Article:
Black History Month

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Black History Month

Black History Month is an annual observance in February, celebrating the past and present achievements of African Americans. In February 1926, Dr. Carter G. Woodson, founder of the Association for the Study of African American Life and History, proposed the establishment of "Negro History Week" to honor the history and contributions of African Americans to American life. Dr. Woodson, known as the "Father of Black History", chose the second week of February because it commemorates the birthdays of two men who greatly affected the African American community: Abraham Lincoln (February 12) and Frederick Douglass (February 14). Negro History Week became Black History Week in the early 1970's. In 1976, the week-long observance was expanded to a month in honor of the nation's bicentennial.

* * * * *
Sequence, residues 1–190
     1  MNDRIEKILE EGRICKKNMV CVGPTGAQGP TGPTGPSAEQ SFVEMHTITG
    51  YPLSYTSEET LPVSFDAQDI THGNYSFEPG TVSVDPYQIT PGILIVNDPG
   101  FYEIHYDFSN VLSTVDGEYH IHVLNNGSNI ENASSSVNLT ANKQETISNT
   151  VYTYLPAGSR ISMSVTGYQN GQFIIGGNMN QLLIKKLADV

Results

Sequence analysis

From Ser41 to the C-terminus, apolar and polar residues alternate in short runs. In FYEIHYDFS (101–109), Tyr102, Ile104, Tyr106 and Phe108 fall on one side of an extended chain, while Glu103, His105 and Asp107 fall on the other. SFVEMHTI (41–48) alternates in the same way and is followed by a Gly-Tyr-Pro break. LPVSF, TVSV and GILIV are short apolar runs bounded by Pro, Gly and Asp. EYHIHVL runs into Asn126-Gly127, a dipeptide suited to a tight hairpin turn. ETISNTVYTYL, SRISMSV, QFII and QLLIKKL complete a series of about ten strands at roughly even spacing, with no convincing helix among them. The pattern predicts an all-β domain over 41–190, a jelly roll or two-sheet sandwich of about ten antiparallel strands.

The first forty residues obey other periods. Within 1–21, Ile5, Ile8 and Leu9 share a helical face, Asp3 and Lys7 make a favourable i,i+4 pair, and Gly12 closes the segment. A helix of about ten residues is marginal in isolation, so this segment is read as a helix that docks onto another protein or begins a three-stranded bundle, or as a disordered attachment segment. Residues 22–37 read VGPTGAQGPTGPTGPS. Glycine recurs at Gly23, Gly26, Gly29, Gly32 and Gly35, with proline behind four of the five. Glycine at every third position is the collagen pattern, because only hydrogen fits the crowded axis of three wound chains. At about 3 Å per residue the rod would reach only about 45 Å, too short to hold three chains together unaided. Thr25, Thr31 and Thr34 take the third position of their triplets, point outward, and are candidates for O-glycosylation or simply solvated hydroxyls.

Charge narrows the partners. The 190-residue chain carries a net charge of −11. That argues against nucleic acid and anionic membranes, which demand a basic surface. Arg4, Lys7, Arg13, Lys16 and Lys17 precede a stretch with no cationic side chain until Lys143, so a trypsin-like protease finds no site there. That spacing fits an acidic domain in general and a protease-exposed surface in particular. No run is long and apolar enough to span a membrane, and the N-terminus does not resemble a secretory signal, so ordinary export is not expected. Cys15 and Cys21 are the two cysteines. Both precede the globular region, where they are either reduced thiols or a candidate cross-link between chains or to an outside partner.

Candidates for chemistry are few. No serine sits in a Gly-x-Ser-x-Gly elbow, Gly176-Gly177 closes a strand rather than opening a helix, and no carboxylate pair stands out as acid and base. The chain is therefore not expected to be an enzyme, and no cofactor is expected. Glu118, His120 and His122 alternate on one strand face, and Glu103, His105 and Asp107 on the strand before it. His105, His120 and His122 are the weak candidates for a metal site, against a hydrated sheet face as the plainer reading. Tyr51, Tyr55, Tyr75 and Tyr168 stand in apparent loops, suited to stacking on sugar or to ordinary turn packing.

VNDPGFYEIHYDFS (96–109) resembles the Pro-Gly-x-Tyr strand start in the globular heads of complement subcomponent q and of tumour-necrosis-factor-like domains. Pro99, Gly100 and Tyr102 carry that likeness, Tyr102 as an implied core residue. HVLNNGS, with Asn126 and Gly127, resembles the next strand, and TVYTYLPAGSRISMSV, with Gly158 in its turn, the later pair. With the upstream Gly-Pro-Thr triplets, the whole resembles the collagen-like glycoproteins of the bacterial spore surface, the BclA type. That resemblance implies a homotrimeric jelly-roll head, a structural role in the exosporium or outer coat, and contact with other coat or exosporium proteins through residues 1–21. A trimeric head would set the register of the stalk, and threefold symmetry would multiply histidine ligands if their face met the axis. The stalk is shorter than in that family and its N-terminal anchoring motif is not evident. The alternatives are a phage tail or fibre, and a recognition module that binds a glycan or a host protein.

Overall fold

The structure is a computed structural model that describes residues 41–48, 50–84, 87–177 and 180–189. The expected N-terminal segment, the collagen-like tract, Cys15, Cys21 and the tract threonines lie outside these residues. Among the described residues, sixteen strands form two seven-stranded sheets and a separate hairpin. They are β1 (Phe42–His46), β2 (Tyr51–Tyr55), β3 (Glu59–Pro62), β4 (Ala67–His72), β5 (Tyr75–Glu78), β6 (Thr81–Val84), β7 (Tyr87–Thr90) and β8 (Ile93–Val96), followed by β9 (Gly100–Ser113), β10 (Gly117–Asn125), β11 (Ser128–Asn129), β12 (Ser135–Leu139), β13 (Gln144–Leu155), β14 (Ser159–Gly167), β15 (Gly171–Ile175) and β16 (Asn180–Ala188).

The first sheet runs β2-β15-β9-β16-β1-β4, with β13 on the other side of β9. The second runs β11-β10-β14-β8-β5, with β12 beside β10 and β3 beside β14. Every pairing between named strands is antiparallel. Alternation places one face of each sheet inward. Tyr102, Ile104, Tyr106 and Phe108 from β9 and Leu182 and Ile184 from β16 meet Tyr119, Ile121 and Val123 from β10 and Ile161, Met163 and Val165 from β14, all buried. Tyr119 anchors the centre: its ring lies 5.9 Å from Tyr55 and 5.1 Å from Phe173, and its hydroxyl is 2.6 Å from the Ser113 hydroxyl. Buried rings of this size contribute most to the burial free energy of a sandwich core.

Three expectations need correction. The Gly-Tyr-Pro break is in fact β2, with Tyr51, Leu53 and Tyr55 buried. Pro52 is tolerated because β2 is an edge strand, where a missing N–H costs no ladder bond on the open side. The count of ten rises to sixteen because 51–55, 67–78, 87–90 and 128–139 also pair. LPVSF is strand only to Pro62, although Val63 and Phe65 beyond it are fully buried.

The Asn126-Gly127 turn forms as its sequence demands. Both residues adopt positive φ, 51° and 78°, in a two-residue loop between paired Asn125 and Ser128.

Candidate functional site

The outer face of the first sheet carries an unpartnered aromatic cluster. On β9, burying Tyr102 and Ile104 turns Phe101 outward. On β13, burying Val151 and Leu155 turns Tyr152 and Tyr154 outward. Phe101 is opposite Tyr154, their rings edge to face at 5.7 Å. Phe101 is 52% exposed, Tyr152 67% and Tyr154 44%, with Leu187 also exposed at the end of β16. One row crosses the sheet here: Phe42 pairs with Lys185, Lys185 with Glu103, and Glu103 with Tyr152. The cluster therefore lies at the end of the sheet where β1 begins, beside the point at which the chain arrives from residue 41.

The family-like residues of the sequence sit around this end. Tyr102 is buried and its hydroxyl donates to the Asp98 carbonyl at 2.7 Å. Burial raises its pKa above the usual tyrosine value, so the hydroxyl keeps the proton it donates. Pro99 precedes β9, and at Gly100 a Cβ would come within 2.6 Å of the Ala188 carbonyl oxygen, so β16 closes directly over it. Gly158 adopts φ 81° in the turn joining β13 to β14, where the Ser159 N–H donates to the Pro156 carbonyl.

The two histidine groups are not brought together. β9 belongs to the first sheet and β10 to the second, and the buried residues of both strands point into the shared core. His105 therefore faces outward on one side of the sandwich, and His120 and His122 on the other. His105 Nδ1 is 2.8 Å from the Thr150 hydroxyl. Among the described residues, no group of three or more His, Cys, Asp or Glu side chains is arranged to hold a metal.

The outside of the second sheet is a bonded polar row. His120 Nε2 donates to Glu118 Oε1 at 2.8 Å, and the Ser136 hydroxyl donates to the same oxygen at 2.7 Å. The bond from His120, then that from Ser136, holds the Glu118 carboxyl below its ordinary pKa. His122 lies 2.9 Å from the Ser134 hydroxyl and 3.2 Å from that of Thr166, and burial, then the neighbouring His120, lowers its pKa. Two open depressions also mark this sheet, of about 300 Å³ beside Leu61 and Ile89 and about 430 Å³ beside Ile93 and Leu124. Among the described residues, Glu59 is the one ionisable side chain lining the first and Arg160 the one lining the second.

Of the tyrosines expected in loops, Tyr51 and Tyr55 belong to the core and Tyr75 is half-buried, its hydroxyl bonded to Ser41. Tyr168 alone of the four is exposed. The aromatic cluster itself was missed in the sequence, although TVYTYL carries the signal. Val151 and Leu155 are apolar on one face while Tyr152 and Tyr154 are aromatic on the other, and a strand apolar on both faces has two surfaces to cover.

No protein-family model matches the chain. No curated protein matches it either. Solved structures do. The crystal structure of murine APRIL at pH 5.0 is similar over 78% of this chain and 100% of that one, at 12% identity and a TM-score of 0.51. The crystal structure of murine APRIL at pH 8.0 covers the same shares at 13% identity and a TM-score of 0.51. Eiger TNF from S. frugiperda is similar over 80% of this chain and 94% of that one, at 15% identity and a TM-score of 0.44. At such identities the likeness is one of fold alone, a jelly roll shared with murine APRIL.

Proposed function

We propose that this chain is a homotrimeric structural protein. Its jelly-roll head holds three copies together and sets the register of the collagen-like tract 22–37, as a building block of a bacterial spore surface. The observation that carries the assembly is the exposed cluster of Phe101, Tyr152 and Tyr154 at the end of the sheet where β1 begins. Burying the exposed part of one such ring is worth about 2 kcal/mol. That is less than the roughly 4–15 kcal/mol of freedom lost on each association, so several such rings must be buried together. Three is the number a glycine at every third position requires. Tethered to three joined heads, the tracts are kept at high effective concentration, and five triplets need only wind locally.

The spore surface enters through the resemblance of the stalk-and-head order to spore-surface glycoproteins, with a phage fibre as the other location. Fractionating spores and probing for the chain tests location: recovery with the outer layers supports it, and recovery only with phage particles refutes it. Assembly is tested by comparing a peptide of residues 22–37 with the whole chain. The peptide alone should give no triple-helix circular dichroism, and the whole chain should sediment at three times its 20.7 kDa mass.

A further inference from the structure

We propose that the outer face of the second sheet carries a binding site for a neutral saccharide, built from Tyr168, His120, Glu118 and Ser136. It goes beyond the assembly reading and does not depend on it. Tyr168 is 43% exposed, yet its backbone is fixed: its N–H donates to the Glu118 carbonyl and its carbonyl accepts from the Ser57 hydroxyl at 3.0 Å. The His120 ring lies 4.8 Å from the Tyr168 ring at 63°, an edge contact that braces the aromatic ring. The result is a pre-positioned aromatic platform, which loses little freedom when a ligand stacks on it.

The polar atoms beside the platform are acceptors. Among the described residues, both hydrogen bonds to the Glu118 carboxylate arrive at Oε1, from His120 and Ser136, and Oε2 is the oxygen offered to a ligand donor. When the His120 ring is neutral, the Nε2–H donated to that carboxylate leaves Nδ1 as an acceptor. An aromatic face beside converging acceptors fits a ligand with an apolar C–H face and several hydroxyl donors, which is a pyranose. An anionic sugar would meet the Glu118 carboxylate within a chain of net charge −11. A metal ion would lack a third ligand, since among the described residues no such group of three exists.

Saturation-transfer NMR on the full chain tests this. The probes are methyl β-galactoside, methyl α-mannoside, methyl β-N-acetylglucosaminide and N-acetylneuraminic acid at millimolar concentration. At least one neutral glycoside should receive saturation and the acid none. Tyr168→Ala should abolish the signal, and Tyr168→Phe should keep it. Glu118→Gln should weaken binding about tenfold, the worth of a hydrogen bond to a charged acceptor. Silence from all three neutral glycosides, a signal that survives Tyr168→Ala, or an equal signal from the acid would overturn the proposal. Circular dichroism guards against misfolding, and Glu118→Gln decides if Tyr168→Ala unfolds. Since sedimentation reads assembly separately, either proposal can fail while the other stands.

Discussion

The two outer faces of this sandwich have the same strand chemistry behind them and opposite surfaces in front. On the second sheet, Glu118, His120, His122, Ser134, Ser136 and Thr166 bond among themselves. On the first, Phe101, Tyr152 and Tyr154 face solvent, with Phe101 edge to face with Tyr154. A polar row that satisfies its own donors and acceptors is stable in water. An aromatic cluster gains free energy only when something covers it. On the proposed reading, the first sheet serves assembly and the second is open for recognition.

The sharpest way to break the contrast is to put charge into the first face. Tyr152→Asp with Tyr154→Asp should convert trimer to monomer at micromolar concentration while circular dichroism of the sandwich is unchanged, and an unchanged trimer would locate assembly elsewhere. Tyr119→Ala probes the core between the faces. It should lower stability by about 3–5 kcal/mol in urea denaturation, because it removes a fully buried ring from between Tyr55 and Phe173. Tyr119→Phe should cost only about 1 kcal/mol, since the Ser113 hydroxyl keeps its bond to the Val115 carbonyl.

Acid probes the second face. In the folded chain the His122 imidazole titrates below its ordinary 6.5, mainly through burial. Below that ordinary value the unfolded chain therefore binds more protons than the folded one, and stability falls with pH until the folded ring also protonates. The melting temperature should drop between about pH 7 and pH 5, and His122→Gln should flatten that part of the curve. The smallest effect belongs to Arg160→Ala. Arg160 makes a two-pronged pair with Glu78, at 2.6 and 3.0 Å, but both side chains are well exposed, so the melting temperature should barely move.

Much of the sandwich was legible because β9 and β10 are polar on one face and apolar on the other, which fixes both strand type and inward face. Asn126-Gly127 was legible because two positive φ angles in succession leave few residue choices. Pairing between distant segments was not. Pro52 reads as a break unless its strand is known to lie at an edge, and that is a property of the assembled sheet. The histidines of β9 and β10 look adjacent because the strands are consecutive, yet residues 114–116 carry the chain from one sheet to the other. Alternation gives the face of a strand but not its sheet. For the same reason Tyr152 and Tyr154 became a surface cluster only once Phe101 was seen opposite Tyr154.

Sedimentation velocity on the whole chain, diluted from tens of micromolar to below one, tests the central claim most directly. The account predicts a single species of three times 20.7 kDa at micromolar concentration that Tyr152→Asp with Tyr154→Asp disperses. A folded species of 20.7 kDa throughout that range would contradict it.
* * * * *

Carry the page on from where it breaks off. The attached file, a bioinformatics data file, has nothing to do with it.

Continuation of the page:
Black History Month is sponsored by the Association for the Study of African American Life and History (ASALH). The Association was founded in 1915 by Dr. Carter Woodson--historian, teacher, author and publisher. Each year the Association designates the national theme for Black History Month. The 2018 theme is: African Americans in Times of War.